Oral arguments began Monday for a former Bremerton football coach who lost his position after praying on the field after games.
The Ninth Circuit Court of Appeals heard from the coach's lawyers and Bremerton School District attorneys.
Bremerton school officials had asked the football coach to stop praying--but he didn't, forcing him out of a job.
Attorneys for the district argued that kneeling to pray after a game crossed the line that separates church and state.
"It obliterated the line in many different respects," said attorney Michael Tierney. "The time and place that he chose was so highly public and so much in the vicinity of the students that it did create the risk of an establishment clause."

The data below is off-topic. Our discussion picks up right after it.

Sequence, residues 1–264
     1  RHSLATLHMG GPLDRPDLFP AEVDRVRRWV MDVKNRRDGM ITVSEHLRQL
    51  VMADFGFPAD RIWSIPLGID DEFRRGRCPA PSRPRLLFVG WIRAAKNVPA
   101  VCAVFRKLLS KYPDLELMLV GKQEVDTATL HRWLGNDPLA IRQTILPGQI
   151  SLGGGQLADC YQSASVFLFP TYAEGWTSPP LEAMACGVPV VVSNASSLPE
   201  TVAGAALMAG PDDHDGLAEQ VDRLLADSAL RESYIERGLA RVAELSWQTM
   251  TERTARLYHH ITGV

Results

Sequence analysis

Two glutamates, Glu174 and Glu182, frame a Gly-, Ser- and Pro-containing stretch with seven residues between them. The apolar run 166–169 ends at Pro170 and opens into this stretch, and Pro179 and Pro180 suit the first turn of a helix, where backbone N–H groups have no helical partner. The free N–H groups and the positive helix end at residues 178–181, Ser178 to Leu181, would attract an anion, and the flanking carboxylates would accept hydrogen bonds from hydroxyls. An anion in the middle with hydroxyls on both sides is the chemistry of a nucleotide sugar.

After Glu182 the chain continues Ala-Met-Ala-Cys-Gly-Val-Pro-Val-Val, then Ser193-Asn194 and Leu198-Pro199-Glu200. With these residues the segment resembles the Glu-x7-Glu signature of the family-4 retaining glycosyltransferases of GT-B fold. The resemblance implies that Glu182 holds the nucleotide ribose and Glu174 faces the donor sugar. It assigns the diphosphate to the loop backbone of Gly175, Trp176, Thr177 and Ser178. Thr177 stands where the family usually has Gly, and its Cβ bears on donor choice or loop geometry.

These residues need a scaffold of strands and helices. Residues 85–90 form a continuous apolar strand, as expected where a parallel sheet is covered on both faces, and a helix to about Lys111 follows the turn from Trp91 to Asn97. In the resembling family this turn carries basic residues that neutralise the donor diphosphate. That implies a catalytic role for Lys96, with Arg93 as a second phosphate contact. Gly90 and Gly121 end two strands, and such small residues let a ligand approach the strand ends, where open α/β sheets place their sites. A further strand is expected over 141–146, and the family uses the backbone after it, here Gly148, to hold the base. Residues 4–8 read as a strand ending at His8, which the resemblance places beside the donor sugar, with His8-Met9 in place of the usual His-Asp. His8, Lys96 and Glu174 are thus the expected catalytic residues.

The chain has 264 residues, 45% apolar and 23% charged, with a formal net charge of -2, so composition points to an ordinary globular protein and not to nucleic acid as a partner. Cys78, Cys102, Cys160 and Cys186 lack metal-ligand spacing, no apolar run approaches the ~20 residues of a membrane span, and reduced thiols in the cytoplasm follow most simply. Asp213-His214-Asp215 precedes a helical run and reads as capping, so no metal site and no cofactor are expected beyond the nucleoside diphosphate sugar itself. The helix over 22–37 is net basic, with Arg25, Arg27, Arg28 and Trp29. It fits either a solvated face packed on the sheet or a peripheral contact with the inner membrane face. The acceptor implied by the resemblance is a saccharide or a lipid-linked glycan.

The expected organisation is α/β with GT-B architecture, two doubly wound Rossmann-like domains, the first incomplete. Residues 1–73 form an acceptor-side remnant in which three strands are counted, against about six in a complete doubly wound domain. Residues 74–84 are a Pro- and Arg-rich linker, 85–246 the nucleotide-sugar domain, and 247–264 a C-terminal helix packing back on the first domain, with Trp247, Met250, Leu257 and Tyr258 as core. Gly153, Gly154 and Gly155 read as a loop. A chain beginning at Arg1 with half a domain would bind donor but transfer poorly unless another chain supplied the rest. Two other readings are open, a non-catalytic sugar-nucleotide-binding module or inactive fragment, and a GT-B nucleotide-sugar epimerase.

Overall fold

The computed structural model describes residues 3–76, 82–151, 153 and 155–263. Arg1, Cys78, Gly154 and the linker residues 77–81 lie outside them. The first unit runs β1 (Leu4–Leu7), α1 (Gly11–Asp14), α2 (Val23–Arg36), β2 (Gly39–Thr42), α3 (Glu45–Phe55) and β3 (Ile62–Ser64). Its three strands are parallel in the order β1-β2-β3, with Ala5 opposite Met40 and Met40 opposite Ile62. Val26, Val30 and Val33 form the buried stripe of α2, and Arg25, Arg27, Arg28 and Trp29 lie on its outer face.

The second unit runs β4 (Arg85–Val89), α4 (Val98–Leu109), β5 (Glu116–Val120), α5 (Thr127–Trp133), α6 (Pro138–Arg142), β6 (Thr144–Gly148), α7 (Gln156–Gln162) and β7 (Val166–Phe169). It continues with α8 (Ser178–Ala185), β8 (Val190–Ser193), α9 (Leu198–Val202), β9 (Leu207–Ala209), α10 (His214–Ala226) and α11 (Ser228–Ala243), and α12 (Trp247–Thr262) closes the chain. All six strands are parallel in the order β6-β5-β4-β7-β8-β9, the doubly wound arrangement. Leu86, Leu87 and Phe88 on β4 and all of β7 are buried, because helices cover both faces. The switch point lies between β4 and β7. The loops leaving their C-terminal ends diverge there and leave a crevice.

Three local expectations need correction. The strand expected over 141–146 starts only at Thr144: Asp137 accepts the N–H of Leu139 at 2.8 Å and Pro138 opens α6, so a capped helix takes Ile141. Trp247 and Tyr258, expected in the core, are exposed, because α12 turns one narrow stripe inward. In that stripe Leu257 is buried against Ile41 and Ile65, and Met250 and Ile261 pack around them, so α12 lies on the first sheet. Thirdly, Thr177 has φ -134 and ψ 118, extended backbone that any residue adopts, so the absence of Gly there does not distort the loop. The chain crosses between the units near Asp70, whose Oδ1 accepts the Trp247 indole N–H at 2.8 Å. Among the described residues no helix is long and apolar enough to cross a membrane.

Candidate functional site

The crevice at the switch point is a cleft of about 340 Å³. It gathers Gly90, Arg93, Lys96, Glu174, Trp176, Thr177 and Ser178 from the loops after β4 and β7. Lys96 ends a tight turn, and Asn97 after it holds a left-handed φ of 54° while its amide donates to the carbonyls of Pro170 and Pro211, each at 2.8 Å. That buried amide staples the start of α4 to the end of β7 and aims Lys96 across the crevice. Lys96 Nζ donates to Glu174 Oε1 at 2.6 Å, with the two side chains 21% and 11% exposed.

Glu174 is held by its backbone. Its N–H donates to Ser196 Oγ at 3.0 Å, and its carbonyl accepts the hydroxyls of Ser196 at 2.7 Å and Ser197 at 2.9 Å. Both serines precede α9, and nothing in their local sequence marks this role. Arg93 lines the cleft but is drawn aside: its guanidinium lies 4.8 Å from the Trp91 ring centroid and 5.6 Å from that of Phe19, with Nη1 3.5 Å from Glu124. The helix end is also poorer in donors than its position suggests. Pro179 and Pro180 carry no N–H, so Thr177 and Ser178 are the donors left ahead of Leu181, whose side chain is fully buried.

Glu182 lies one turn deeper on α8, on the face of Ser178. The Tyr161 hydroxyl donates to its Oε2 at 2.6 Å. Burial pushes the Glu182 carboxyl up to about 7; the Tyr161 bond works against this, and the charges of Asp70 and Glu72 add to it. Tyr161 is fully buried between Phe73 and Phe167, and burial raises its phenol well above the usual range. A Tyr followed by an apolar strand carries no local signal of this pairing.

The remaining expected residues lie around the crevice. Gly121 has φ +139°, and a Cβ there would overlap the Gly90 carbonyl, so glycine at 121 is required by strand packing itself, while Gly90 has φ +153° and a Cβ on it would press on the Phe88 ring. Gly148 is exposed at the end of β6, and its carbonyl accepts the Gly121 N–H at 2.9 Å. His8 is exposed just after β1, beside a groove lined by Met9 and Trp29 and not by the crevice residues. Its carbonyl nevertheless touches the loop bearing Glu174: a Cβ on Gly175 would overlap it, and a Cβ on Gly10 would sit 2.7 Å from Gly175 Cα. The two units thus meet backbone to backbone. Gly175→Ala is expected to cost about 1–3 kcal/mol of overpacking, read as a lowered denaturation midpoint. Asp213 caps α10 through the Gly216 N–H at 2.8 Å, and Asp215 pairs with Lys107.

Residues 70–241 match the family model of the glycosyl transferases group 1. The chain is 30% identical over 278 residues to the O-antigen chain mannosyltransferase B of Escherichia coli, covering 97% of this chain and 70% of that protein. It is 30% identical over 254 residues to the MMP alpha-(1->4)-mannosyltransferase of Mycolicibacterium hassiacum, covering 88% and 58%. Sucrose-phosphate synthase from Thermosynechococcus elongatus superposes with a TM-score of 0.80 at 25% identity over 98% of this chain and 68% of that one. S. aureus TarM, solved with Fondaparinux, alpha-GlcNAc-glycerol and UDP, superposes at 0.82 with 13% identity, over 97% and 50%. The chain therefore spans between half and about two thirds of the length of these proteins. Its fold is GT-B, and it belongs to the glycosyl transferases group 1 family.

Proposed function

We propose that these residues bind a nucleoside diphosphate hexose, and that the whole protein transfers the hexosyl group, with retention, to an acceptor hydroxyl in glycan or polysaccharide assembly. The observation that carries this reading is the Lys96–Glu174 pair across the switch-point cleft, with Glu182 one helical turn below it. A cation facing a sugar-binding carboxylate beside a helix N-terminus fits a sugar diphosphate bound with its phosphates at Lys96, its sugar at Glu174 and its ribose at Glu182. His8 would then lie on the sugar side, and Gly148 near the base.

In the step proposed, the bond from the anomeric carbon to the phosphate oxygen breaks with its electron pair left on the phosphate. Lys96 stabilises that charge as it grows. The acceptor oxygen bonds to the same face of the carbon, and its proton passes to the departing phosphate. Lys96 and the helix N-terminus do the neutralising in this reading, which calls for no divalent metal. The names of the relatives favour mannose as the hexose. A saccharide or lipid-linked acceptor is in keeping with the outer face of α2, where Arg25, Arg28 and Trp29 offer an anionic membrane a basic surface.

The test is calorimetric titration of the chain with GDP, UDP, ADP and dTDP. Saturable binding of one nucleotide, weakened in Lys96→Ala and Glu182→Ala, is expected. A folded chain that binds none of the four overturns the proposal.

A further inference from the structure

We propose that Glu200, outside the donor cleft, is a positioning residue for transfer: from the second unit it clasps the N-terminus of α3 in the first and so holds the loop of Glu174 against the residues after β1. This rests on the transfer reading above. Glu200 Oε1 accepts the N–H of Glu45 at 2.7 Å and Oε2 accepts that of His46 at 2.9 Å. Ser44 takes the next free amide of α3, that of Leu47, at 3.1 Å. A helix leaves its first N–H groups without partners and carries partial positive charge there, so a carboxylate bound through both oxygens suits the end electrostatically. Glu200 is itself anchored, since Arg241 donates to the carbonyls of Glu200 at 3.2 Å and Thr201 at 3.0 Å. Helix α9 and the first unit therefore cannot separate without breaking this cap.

Attorneys representing Kennedy said the school’s rules violated Kennedy's First Amendment right to freedom of religion.
"The rule that they’ve articulated would equally prohibit a teacher from wearing religious garb or a lunchroom prayer that may be observed by students," said Rebekah Perry Rickets.
Court judges challenged attorneys to review other scenarios. There were other concerns like the amount time it took for the district to say something to Kennedy.
"I'm stunned that nobody said anything but the reality is that that's what happened," said Judge Milan Smith.
At least one judge found the district's response to the incident concerning citing a lost opportunity to teach students about religious tolerance and the Constitution.
It may take months for the court to release a ruling in this case. For now, Joe Kennedy says he just wants his job back.
"I want to be a coach. I want to be back with my young boys," he said.
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